Ruble Weakens to Seven-Month Low, Breaching Intervention ZoneVladimir Kuznetsov
The ruble weakened for the fourth day, dropping beyond the level at which the central bank may intervene to support the currency as oil retreated.
The ruble slid 0.1 percent against Bank Rossii’s dollar-euro basket to 35.7296 by 7 p.m. in Moscow, the lowest level since early September. The Russian currency declined 0.1 percent against the dollar to 31.6625.
Oil, Russia’s main export earner, sank 1.9 percent in New York to $92.66, extending yesterday’s 2.8 percent decline. Crude dropped as weekly jobless claims in the U.S. rose to the highest level since Nov. 24 and European Central Bank President Mario Draghi said risks remain to the region’s economy.
“Speculators may cool down as the basket approaches the central bank’s intervention level,” Dmitry Polevoy, ING Groep NV’s chief economist for Russia, said in a note to clients. Retreating oil prices are pressuring the ruble because the “next taxes are still far away,” he added. The next tax period starts April 15.
Bank Rossii may buy as much as $70 million of rubles to curb excessive currency declines at a level beyond 35.65 rubles to the basket, Andrei Mishko, foreign exchange and interest-rate derivatives trader at MDM Bank, said by phone.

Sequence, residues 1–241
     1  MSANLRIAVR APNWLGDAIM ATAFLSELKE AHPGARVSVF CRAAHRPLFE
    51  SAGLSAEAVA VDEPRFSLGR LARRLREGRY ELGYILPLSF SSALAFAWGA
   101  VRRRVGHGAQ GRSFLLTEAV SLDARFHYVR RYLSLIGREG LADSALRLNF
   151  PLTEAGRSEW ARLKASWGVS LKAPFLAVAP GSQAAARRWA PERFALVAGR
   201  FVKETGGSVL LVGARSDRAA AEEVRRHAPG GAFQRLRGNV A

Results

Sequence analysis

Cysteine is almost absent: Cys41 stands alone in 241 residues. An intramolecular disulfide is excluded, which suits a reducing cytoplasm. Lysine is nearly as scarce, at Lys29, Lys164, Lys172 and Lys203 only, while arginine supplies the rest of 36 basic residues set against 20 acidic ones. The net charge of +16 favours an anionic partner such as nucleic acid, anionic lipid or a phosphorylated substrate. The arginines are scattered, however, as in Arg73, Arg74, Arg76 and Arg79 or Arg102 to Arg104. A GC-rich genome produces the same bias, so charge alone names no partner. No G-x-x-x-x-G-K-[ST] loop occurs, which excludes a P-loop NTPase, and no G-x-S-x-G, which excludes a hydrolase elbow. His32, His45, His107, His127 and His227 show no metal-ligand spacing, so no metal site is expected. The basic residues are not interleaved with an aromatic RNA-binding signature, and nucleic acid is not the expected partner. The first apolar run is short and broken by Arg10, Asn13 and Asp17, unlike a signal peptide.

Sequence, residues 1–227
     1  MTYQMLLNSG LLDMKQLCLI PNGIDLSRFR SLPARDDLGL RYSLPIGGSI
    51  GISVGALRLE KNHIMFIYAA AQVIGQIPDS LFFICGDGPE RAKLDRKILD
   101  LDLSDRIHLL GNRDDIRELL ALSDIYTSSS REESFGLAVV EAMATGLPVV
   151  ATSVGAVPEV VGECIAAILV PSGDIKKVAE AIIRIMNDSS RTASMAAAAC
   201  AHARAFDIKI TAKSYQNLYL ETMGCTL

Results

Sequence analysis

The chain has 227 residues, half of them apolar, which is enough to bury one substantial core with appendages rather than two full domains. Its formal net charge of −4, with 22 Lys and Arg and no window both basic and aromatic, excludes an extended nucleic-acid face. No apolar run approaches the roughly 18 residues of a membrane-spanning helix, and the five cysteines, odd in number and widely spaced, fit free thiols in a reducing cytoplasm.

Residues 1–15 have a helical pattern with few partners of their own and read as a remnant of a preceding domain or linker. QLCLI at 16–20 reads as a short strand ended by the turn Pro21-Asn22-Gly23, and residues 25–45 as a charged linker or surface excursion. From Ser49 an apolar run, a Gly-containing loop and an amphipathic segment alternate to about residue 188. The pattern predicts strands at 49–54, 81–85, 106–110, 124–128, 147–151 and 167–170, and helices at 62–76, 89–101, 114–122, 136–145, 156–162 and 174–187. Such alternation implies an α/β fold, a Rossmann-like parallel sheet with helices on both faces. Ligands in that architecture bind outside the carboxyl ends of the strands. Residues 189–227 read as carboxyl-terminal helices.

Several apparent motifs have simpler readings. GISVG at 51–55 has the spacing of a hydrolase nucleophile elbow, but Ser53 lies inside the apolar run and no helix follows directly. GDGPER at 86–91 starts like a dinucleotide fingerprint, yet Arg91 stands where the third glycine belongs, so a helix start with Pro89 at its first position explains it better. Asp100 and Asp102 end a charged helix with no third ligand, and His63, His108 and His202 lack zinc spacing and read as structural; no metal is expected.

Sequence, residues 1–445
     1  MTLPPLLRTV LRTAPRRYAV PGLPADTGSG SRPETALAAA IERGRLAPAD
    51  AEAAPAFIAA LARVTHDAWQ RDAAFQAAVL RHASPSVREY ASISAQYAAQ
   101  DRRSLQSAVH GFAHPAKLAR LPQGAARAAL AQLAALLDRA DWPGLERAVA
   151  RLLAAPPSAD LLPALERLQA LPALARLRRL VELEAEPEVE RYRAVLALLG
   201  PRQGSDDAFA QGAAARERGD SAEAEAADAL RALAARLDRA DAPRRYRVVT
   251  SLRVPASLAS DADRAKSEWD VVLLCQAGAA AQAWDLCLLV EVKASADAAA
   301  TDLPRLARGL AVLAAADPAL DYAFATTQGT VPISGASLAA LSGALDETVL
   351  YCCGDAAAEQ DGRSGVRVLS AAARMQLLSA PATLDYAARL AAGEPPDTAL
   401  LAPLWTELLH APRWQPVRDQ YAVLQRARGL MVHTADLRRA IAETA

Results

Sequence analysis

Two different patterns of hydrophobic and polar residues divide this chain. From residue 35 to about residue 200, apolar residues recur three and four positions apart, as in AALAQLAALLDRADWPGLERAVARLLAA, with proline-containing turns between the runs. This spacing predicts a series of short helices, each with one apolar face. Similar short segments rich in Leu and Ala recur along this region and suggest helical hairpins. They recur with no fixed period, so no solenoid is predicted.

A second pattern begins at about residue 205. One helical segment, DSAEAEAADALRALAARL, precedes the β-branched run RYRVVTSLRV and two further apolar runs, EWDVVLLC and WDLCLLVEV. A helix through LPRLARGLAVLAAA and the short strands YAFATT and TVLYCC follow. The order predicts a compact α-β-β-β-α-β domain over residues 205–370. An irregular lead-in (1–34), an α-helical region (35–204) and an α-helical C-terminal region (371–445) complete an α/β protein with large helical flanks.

“There were people closing longs in the basket, because at this level some people prefer to take profits,” he said. “As we get back to the central bank’s inaction zone, with the neutral or negative external background, it’s a reason to buy the dollar or the basket again.”
The central bank reports its foreign exchange market interventions with a two-day lag. The last time the regulator intervened in order to shore up the ruble was in November, when it bought 1.71 billion rubles ($54 million), Bank Rossii data show.
The ruble weakened 1.2 percent against the basket yesterday, the strongest drop since July, as oil fell and Finance Minister Anton Siluanov said the government may start foreign currency purchases on the open market in the second half of the year.
The Finance Ministry hasn’t provided enough detail on the new mechanism, which may start next quarter, Vladimir Kolychev, chief economist at OAO Rosbank, said in an e-mailed note to clients. Market participants price in “the most unfavorable scenarios” and a “lack of details feeds the panic on the market,” he said.
Currently the Ministry converts its rubles in the central bank at the regulator’s official rates. The transfer of exchange operations onto the open market creates a strong source of rubles, which is taken negatively by market players and “creates a shock on the forex market,” Kolychev said.